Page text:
On 13 May 1988, Chet Baker died as result of falling from a hotel window, aka defenestration, in Amsterdam. There are several theories about his death, ranging from suicide to murder. No evidence was found for either cause. Autopsy results showed there were drugs in his body, and the police found an amount of cocaine and heroin in his hotel room. A plausible explanation is him losing his balance when looking out of the window, most likely under the influence. One of the most lyrical trumpet players and jazz singers had literally left the building. A bronze plaque in the wall of the Prins Hendrik Hotel in Amsterdam marks the end of his life.
Chet Baker is buried at the Inglewood Park Cemetery in Inglewood, California.
The lightest of the Islay drams, with hardly a trace of the ubiquitous peat, is made at this distillery that once was surrounded by a whole village, even containing a school. Prior to its creation, the Mouth of the River, the English translation of the Gaelic Bunnahabhain, was a wild and uninhabited wasteland. The very building of the distillery brought about a lively little self-supporting community of distillery workers, their wives and children, hence the need for a school.
Although the warehouses look rather grim, Bunnahabhain is a lovely distillery where time stands still. The buildings are positioned in a beautiful location overlooking the Sound of Islay, that wild and windy sea street between Islay and the Isle of Jura, once used for bringing in supplies and taking away barrels of whisky. Nowadays that is done with tankers via the narrow and winding road that leads to Port Askaig.
In the latter part of the 19th century, the founders were already well connected in the whisky business. Robertson, from Robertson & Baxter, was a wine and liquor merchant, for a while even agent to Laphroaig on the southeast side of the island. The Greenlees brothers were two of the founding fathers of the Islay Distillers Company, which would merge with William Grant & Sons into Highland Distillers around 1887.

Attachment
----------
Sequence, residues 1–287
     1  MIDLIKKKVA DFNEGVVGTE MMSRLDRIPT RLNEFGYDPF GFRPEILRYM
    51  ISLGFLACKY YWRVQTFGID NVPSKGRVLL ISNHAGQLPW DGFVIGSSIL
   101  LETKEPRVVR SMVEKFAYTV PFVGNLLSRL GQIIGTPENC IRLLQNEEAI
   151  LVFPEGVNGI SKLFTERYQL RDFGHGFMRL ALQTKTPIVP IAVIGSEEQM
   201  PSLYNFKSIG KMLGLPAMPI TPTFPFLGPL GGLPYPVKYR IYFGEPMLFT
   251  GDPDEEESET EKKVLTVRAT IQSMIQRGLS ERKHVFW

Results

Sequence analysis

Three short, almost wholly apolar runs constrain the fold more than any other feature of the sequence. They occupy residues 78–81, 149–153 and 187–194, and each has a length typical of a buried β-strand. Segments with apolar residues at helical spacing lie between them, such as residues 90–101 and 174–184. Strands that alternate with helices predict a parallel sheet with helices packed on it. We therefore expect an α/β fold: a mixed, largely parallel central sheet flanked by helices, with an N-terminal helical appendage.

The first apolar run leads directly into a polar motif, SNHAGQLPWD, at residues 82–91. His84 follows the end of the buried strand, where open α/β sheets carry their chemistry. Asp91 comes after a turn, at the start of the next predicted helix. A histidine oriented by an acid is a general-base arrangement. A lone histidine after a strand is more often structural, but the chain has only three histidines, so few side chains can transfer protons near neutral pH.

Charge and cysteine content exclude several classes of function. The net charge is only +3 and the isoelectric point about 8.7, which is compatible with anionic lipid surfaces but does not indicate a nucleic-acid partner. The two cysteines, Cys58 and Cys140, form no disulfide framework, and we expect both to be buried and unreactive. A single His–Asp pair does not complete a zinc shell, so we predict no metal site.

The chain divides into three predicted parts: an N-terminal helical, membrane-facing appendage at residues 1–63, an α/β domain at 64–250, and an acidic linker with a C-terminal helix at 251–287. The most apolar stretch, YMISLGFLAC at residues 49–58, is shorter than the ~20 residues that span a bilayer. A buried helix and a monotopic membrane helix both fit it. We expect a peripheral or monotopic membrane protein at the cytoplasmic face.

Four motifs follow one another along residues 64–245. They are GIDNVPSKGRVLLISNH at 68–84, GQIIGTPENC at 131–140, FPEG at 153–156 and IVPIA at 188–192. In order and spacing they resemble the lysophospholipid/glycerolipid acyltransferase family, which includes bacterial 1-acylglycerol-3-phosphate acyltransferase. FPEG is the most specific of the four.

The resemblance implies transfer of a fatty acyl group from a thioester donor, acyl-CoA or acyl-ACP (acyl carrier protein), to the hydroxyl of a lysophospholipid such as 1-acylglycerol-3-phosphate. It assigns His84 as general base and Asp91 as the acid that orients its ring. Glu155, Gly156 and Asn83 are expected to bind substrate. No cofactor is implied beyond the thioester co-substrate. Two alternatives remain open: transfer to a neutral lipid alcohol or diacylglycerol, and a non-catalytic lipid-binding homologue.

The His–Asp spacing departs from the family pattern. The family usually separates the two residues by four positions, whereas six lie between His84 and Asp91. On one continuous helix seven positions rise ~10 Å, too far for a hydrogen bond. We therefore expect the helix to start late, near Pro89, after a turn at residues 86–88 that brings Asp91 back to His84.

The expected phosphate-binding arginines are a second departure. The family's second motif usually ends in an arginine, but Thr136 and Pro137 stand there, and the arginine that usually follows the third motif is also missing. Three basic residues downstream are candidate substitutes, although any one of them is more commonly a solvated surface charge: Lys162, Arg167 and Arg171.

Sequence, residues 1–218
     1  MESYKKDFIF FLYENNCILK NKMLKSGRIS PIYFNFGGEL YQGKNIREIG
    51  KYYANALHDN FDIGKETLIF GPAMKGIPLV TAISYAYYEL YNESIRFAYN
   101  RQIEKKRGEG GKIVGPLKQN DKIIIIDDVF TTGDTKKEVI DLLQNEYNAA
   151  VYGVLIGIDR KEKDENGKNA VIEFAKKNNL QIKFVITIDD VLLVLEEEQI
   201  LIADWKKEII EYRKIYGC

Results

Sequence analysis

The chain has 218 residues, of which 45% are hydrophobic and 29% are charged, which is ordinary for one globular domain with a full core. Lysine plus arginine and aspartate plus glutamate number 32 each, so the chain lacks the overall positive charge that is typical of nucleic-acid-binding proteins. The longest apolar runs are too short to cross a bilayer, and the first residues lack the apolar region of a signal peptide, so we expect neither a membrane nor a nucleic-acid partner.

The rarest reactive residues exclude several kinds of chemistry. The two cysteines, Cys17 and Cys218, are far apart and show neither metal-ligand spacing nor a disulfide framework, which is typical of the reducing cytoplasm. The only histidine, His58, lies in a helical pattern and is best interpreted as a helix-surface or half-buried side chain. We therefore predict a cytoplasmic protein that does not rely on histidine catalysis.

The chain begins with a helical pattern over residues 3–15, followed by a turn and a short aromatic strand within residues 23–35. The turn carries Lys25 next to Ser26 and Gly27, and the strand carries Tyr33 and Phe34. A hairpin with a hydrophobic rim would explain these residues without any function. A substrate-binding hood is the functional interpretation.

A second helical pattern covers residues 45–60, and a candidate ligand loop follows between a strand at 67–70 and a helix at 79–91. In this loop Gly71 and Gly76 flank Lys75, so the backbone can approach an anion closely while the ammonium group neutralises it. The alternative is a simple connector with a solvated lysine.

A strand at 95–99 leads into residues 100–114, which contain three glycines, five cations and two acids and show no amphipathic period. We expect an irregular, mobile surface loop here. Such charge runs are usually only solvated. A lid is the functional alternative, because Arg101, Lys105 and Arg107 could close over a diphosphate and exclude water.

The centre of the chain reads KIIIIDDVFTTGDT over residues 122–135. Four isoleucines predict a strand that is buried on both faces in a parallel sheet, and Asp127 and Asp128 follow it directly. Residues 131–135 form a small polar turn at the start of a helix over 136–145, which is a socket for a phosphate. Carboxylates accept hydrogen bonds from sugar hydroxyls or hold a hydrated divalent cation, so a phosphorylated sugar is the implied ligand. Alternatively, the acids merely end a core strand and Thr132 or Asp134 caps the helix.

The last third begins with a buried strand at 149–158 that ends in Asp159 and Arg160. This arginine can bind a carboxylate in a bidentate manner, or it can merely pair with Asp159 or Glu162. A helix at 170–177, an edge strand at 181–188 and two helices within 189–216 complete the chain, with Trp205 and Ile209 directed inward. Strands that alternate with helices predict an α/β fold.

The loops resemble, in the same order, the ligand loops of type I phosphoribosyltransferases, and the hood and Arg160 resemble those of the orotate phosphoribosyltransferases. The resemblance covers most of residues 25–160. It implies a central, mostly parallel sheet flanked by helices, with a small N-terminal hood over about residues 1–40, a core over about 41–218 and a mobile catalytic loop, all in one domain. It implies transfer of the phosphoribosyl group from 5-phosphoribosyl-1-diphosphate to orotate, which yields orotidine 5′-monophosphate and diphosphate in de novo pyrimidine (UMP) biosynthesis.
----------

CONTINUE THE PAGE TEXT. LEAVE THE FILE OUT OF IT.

From 1930 till 1937 Bunnahabhain fell silent. After reopening, the two stills would arduously work in unison to make up for the lost years and were joined by a second pair in 1963. Approximately 20 years later Bunnahabhain was mothballed for the second time in its life, to be reopened in 1983-4 after two silent years. To celebrate the 100th anniversary, a 21-year-old was released, probably the first run from the four stills.
This doesn’t mean Highland Distillers could not count, but instead of taking the foundation year as Bunnahabhain’s first, they counted from the start of production, which was in 1883. Most distilleries tend to be a little vague about founding dates, which doesn’t make life easier for a whisky writer.
Throughout its life Bunnahabhain’s output went mostly to the blenders. Only a small percentage matures on-site and will end up either in one of the single malt expressions or in Black Bottle, which contains all Islay malts. Bunnahabhain’s 12 Years Old has been readily available over many years, supplemented by various limited editions and the much appreciated 18 and 25 Years Old versions that are part of the core range now. Bunnahabhain launched commemorative limited bottlings on various occasions, most notably a 33 Years Old Auld Acquaintance in 2002. Several independent bottlers, among whom, Signatory released Bunnahabhain at various ages. In 2010 a rare hand-numbered 30 Years Old was released
by the distillery.
The distinctive label on distillery bottlings features a sailor behind the captain’s wheel, with the caption Westering Home, after a famous
Recommended listening and dramLet’s Get Lost
with the Bunnahabhain 12 Years Old
Golden. Remarkably fresh, sweet sea-air aroma. Gentle, clean with a nutty-malty sweetness. Refreshing.
The road leading down to Bunnahabhain